Lustre pottery dish, made by William De Morgan

The Orange House Pottery, Chelsea, London, England, AD 1880

The multi-talented William De Morgan (1839-1917) began his career as a painter and stained glass artist, and became a famous novelist in later life. He devoted the years 1869 to 1907 to making pottery. He was a friend of William Morris (1834-96), and produced hand-decorated tiles and ceramics that complemented Morris's textiles and wallpapers. They were often used in Arts and Crafts interiors. This dish is a particularly good example of De Morgan's work. It was originally owned by the architect Halsey Ricardo (1854-1928), a close friend and associate of De Morgan.

De Morgan's greatest source of inspiration was Islamic design. Sometimes he drew directly from early Persian ceramics; sometimes he studied European pottery that had been influenced by Islamic art, particularly fifteenth-century Spanish tin-glazed pottery. This bowl was clearly inspired by Spanish dishes painted with animal motifs. The vivid copper red lustre used for the decoration, however, was derived from a type of Italian maiolica (another form of tin-glazed earthenware) made at Gubbio in Italy during the sixteenth century.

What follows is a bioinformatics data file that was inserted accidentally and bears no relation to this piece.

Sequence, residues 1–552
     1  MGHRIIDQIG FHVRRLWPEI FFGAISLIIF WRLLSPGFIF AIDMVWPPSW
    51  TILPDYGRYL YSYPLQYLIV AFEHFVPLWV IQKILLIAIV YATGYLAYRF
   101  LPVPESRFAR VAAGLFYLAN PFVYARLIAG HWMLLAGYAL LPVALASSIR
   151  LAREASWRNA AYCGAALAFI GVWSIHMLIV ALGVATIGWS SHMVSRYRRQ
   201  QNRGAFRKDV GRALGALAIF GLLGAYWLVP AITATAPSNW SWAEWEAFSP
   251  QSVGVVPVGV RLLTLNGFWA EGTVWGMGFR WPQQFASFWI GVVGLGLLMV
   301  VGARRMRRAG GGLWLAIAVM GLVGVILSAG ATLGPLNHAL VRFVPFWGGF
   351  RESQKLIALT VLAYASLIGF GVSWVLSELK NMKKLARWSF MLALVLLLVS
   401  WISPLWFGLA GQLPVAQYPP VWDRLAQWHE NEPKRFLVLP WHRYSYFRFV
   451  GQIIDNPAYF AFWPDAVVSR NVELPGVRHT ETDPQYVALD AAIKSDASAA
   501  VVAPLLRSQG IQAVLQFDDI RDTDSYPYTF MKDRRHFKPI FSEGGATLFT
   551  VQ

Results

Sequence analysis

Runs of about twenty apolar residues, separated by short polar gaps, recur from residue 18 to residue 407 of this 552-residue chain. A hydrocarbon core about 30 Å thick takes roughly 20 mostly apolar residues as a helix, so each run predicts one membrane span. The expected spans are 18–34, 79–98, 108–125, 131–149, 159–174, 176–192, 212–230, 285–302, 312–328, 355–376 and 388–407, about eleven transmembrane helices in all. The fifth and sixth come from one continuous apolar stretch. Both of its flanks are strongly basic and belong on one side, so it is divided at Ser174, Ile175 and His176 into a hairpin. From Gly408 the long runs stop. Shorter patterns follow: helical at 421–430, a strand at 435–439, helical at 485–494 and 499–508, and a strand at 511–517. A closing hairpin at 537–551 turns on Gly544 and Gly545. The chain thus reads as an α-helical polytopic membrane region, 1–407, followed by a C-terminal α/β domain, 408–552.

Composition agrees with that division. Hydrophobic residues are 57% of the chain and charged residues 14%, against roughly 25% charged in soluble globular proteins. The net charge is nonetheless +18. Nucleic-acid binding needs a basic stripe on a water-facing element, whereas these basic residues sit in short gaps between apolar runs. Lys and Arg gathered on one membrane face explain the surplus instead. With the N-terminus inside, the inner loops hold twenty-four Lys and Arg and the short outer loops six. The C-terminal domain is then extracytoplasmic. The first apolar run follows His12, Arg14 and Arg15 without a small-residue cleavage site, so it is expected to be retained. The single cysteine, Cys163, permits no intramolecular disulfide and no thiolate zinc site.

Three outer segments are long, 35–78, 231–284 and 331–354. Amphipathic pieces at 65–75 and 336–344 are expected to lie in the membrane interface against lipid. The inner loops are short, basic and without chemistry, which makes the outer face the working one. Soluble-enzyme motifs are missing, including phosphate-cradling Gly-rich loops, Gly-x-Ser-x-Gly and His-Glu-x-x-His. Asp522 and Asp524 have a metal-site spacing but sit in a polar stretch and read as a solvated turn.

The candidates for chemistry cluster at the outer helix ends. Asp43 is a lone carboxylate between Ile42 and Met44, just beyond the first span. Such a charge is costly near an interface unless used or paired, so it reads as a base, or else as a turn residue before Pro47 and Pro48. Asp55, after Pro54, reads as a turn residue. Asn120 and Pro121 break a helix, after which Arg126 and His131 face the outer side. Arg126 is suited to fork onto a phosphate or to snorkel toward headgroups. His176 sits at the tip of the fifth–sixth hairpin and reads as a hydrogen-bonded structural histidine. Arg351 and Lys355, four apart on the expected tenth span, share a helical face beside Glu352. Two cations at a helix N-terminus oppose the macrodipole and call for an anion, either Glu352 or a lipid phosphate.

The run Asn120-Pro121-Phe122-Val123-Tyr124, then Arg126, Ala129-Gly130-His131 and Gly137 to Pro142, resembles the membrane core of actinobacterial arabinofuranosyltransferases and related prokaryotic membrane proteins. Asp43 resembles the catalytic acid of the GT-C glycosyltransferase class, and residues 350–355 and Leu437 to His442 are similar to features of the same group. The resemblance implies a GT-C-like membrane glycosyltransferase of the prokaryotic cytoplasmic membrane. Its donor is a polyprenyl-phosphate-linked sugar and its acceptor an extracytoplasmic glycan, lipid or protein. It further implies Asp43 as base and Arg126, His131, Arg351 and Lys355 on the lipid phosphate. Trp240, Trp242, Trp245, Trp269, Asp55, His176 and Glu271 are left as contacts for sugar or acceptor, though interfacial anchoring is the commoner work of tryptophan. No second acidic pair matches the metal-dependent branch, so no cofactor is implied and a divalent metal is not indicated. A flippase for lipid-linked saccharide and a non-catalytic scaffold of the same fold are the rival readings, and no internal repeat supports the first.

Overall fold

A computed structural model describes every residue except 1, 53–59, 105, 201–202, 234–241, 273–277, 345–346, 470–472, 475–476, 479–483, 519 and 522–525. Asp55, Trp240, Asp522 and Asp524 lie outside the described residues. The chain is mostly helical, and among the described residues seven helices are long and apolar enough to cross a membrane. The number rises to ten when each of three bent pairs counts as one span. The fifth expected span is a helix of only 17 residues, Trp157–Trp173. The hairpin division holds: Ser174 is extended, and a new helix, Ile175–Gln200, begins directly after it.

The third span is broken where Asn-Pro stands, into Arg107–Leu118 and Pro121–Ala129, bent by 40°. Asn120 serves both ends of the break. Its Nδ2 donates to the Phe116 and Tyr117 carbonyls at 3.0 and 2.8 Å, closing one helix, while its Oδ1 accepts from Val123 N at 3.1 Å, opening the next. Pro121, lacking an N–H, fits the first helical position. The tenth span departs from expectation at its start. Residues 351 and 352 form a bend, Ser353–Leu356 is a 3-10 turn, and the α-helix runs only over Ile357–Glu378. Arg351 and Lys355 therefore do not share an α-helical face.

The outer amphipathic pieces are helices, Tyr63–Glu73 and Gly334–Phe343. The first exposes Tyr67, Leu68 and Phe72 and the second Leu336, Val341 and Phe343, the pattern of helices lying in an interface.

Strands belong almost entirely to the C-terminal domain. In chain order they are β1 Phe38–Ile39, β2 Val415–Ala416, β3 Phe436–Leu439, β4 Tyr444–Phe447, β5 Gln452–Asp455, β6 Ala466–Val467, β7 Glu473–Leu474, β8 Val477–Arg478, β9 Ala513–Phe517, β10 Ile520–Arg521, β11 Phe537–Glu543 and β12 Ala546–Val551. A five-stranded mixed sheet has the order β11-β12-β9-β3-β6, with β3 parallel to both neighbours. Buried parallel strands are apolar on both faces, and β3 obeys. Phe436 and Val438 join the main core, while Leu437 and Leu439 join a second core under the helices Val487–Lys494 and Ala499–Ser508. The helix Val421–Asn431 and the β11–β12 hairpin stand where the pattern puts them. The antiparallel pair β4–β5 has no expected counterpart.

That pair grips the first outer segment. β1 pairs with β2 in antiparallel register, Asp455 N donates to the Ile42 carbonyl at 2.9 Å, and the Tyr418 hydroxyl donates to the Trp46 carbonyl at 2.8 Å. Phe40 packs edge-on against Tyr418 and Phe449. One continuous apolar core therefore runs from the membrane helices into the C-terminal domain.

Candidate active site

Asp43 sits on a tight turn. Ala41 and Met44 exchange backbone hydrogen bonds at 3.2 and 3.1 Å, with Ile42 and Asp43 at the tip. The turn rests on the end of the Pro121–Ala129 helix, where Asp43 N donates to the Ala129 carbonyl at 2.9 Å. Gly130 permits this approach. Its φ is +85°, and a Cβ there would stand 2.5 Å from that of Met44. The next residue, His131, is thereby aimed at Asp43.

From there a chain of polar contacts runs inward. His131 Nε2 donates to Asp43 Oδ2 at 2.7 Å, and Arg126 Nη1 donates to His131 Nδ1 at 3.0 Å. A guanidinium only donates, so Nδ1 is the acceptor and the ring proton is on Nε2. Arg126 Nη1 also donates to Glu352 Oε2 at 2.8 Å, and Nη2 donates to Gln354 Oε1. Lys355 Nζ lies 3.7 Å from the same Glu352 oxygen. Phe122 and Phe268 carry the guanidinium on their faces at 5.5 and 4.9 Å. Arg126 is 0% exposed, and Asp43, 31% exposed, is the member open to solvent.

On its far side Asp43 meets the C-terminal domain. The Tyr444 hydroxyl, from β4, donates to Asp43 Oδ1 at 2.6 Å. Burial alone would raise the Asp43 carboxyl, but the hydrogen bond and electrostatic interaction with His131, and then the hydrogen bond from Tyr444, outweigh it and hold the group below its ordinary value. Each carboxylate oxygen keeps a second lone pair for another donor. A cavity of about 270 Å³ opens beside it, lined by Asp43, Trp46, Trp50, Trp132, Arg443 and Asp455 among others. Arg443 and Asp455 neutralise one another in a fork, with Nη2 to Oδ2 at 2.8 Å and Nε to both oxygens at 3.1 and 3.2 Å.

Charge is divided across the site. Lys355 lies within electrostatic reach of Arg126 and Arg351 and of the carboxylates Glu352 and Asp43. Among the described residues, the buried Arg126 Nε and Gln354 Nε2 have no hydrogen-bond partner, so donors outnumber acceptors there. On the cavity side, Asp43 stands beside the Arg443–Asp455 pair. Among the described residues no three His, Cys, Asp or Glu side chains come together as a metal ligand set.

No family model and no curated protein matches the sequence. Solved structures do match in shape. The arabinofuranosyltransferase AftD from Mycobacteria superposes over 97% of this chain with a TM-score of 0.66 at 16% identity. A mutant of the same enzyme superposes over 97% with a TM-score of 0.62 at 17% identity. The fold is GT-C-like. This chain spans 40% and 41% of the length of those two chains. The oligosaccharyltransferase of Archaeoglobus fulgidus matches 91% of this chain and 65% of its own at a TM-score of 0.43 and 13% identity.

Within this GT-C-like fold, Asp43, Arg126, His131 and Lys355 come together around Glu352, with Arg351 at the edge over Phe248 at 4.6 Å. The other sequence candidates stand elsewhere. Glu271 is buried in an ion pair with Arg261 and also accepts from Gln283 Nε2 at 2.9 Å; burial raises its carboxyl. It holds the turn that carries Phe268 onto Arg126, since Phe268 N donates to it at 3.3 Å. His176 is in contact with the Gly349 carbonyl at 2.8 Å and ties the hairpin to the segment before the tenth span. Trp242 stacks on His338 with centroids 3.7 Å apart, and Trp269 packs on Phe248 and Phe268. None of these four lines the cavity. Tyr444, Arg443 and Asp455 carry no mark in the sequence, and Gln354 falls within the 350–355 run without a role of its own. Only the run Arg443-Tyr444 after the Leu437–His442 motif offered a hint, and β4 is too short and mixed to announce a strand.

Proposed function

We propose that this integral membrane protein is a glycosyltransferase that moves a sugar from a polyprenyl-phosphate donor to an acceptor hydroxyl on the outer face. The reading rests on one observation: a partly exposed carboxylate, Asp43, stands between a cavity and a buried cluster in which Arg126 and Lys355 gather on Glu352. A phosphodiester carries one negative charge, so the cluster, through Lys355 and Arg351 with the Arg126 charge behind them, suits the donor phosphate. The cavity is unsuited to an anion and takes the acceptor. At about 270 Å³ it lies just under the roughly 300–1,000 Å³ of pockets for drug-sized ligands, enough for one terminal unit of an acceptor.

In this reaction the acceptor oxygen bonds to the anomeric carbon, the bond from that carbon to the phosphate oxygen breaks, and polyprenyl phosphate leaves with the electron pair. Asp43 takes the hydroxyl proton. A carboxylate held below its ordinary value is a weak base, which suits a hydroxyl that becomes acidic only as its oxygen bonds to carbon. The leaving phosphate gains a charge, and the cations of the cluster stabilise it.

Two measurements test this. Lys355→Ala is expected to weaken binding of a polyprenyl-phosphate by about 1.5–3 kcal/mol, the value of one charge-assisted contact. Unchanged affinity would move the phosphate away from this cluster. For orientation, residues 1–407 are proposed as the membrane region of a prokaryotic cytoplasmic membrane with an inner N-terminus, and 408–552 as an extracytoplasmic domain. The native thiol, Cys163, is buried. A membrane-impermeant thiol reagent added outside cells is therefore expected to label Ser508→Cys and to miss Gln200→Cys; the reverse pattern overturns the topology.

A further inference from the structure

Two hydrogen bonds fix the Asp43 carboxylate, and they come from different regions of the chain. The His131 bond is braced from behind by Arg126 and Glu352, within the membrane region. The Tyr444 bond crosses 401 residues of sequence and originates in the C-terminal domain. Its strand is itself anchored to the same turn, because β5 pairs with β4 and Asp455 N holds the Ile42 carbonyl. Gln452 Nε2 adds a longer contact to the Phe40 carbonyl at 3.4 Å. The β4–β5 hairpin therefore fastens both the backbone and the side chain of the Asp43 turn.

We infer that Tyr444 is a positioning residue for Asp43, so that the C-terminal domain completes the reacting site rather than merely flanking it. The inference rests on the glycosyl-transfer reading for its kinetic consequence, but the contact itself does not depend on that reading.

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More information


J. Rudoe, Decorative arts 1850-1950: a c, 2nd ed. (London, The British Museum Press, 1994)

M. Greenwood, The designs of William De Morg (Shepton Beauchamp, 1989)

J. Catleugh, William De Morgan tiles (London, Trefoil, 1983)

W. Gaunt and M.D.E Claydon-Stamm, William De Morgan (London, 1971)


Height: 5.200 cm
Diameter: 36.000 cm

Museum number

M&ME 1928,7-25,1


Bequeathed by Halsey Ralph Ricardo


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